“Magnificent”: The Ward family move into their reconstructed house 3 months after the tornado | New

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It was almost unbelievable, but more than three months after Christy Ward and her daughter Pressley saw a tornado ravage their family’s home, they were moving into a new one.

Christy remembered the afternoon of May 3 – she had just picked up Pressley from school and stopped by the house before going to pick up her other daughter, Nevaeh. She parked the car in the driveway and the afternoon thunderstorm turned into a frenzy. Tree branches collapsed as what would later be defined as an EF-2 tornado forced its way through their yard, destroying their trailer shelter.

In the days that followed, family and neighbors came to help clean up the debris. The Wards began to stay with their families as over the weeks the volunteers who came together to help pick up the pieces decided to build something new in the wake of the storm.

On Saturday, Christy and Pressley sat down in their new home – the product of more than three months of collaboration and generosity from volunteers, ministries, local businesses and countless people affected by the precarious situation of the Wards.

Christy hadn’t seen the house for about two months before Saturday.

“That’s when he was still emptied. There were no walls or anything, and he asked me not to come back until the big reveal,” he said. she declared. “It’s beautiful, really.”

There to welcome his home was the self-made general contractor, State Representative John McCravy. Although not an entrepreneur, Greenwood’s attorney said when he heard about the Wards plight, that he had to step in and try to coordinate the desire of so many to give of their time, money and resources for this project.

The result? A two bedroom home with a brand new bathroom, new appliances, a breakfast bar in the kitchen, a paved patio with a fireplace in the back, new wiring and plumbing, new floors and a new roof. Materials and labor were almost entirely donated, and McCravy paid for other services using donations from people in Greenwood and beyond. Strangers turned out to provide materials and funds as best they could, all in the service of returning wards home.

“Imagine if someone had never seen this house before and you showed them before and after photos,” Pressley, 11, said on Saturday. “They wouldn’t believe it.”

Christy said she was thrilled to watch Pressley run around the house, excitedly showing Dana McCravy her bed and rushing wide-eyed between different features that impressed her.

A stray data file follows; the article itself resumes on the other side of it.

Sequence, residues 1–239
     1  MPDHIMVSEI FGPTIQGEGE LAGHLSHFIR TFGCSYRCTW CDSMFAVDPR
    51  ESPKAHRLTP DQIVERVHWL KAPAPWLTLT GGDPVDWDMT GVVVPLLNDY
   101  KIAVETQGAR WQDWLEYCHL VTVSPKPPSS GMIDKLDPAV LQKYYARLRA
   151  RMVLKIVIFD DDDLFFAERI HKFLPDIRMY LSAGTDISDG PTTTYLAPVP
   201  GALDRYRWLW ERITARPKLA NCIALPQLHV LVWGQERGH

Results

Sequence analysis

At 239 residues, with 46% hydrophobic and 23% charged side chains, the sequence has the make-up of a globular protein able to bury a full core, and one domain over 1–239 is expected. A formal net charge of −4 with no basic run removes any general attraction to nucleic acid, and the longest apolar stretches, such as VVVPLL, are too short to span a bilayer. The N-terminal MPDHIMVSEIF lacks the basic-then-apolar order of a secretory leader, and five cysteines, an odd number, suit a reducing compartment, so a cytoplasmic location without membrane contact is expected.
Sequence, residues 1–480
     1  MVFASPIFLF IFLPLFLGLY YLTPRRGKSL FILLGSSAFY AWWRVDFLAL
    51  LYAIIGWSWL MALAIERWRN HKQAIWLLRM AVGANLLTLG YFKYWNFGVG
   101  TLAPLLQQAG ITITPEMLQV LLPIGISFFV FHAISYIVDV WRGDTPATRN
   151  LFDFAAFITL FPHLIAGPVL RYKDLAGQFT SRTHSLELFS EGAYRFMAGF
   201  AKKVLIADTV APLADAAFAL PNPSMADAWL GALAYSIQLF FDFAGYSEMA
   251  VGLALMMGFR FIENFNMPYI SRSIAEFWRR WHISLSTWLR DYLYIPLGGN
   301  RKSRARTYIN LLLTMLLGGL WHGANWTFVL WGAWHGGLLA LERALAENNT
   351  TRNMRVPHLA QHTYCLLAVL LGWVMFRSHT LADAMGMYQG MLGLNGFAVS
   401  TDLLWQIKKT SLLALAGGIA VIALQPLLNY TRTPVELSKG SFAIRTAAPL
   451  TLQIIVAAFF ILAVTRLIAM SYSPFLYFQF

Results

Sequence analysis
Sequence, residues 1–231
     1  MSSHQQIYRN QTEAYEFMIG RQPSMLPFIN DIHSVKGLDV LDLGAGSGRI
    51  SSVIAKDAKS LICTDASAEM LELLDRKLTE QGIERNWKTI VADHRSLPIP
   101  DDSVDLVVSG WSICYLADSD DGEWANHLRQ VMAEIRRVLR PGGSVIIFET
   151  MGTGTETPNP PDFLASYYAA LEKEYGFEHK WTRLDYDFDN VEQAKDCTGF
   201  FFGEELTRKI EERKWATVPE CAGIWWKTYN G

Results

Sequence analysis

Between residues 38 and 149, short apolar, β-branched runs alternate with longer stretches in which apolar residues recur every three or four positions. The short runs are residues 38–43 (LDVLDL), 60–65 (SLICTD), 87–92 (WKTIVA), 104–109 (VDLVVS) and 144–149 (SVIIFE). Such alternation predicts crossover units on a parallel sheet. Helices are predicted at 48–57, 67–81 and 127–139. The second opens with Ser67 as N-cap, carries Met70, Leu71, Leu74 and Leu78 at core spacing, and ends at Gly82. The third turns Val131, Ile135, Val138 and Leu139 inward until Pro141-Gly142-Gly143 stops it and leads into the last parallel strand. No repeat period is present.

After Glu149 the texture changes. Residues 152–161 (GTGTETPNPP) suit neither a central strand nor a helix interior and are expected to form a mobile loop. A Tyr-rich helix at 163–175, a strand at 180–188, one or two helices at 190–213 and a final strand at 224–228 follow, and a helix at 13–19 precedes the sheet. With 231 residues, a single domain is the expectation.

“It’s been a long road, but it’s just …”

“Beautiful,” Pressley interjected.

“It was a dream. It’s really overwhelming,” concluded Christy.

Pastor Gray Stallworth of Main Street United Methodist Church led the family in prayer, blessing the new home and all who enter it. He recalled the day spent hanging plasterboard in the house. Only one or two people were available to work that day, but a call to Jamar Crawford got a group of high school athletes ready to lend their strength to the project.

It was the story of the whole reconstruction. Time and time again, when materials and funds ran out, people stepped forward to give what they could. Neighbor Tina Escalona began to coordinate the efforts of the volunteers and keep the growing group of volunteers informed of every step of the project and every scheduled work day.

“I’m a little moved to see that this is all over,” said McCravy. “I’m just amazed at what the Lord has done with His people. We hear so many negative things in our culture right now. This kind of thing brings us together.”

For McCravy, this project was emblematic of what his faith calls people to do: serve when called upon.

Meanwhile, the ever-energetic Pressley was fascinated everywhere she looked. She could see her reflection in the shower, thought the bird on the outdoor cushions was adorable, loved the sliding bathroom door and the plush monkey on her bed.

When she walked through the door for the first time, she was shocked.

“It’s not my house, that’s what I thought. It’s not the same,” she said. “I think my sister is going to like this too.… Do you know how long it probably took? It’s been, like, three months, maybe four. That’s a lot of progress.”

She gestured to the ground. There had been a hole there the night of the May storm. The doors were blown out, her bed frame was destroyed. The tornado had turned their lives upside down, but now they were home.

Christy read aloud a letter she had prepared in advance. She said she didn’t know where to start to thank everyone involved, but appreciates the efforts of everyone who has helped bring their family home.

“I have no idea where we would be right now,” she said, stopping as she was overcome with emotion, “if your families hadn’t stepped in and hadn’t fixed my grandparents’ house for us.

“We’ve been homeless since May 3rd, and I can’t tell you how good it is to be home. Our new home is so beautiful, and we will always love this home that you all made for. we.”

Contact editor-in-chief Damian Dominguez at 864-634-7548 or follow us on Twitter @IJDDOMINGUEZ.


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